- Michaels craft chain confirms hackers hit 3M customers
- Special Forces’ suicide rates hit record levels — casualties of ‘hard combat’
- Many Americans would quickly face financial hardship after losing job, poll shows
- Toronto Mayor Rob Ford thanks supporters at re-election campaign bash
- Texas seizes polygamist Warren Jeffs’ 1,600-acre ranch
- Publisher unveils Hillary Clinton’s new memoir — ‘Hard Choices’
- Britain’s Labour Party hires David Axelrod — but can’t spell his name
- Washington and Lee law students demand ban on Confederate flag, say Gen. Lee was racist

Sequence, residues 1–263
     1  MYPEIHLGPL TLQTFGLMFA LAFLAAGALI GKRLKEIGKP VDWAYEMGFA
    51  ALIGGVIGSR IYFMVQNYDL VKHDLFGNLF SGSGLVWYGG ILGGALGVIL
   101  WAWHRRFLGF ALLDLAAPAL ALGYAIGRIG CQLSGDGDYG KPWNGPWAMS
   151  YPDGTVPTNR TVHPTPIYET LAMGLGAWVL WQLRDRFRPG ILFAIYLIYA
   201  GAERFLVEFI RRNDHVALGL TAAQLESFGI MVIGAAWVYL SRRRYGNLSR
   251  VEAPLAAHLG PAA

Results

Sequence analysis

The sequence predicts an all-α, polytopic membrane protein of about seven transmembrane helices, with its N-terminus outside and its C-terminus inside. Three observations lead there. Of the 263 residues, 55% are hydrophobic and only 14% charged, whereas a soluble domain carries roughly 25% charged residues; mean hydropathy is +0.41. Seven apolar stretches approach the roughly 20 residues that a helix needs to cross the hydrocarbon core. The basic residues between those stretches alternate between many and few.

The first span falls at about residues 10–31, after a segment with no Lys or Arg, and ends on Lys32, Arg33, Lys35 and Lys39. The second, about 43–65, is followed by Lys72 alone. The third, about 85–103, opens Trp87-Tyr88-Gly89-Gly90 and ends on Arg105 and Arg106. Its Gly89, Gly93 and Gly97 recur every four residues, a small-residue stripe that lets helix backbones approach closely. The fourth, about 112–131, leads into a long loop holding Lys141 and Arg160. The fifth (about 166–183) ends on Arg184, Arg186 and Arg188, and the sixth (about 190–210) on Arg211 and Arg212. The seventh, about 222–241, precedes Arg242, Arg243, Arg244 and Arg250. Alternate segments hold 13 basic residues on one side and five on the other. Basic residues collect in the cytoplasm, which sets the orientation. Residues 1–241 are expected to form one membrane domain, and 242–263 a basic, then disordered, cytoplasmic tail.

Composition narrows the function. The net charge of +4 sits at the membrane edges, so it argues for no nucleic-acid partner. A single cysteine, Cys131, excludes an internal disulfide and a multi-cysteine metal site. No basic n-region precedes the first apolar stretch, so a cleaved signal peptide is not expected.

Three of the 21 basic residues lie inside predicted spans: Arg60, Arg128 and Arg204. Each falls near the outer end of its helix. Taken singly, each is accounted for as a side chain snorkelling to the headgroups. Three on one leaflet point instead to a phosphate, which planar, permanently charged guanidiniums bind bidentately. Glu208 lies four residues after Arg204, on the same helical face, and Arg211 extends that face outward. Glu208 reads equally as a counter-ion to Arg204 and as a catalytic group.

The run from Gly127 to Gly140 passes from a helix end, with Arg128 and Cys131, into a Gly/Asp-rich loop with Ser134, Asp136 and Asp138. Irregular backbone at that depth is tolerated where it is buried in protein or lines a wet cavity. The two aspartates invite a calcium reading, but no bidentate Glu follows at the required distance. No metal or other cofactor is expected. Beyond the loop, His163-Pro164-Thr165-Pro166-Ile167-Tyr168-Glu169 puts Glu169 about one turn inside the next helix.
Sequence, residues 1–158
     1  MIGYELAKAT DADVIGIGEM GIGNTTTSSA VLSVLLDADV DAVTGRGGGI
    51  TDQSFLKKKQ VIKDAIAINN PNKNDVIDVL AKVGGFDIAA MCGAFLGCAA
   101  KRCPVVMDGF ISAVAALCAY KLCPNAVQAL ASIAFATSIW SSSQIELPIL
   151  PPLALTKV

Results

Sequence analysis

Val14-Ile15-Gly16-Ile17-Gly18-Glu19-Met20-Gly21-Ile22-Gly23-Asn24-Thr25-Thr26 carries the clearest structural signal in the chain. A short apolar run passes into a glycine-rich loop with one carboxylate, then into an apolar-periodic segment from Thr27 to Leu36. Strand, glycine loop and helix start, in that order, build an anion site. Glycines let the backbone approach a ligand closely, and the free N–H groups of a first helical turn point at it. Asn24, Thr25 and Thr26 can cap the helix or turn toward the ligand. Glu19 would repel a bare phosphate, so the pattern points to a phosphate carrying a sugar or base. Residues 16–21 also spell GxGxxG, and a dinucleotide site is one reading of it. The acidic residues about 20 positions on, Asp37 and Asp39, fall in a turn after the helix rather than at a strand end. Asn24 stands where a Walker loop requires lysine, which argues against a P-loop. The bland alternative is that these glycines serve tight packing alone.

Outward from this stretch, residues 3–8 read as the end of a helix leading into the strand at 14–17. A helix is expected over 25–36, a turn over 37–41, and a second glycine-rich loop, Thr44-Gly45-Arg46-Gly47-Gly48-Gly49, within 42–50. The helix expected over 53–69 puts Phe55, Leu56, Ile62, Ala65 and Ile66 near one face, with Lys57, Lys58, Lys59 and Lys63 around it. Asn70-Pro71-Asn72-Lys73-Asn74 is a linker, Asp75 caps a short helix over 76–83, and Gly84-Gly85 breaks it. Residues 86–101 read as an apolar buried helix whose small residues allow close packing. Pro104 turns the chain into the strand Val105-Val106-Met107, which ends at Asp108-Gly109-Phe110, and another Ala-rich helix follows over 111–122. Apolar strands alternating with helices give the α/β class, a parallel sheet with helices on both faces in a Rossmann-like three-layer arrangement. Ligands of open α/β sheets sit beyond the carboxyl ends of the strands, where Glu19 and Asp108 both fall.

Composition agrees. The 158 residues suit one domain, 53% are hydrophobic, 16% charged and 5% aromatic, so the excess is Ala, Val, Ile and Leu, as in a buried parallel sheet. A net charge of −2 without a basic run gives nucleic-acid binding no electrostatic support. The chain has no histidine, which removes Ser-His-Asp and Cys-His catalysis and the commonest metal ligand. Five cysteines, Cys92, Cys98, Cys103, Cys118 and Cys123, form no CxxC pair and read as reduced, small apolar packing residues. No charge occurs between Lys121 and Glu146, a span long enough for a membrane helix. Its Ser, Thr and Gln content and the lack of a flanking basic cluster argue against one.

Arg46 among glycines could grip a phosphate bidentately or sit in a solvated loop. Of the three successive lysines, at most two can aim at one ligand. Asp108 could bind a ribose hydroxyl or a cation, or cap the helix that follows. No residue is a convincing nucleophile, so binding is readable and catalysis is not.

- Prosecutors seek arrest warrant for ferry captain in South Korea
- Ann Coulter takes up ‘Mitt Romney for President’ chant again
Topic - Mark Pocan
Before U.S. Rep. Reid Ribble was elected to Congress, he envisioned Democrats and Republicans gathering together to debate important issues and develop legislation. He was stunned when he arrived in Washington to find that members of the two parties often don't come together until it's time to mark up bills, and by then, they already feel antagonistic.
"They taught us bad behavior, not only on day one, but before day one," said Pocan, who appeared with Ribble on Monday at Marquette University Law School.
Rep. Mark Pocan said he received a lesson in partisanship soon after his election to Congress in 2012.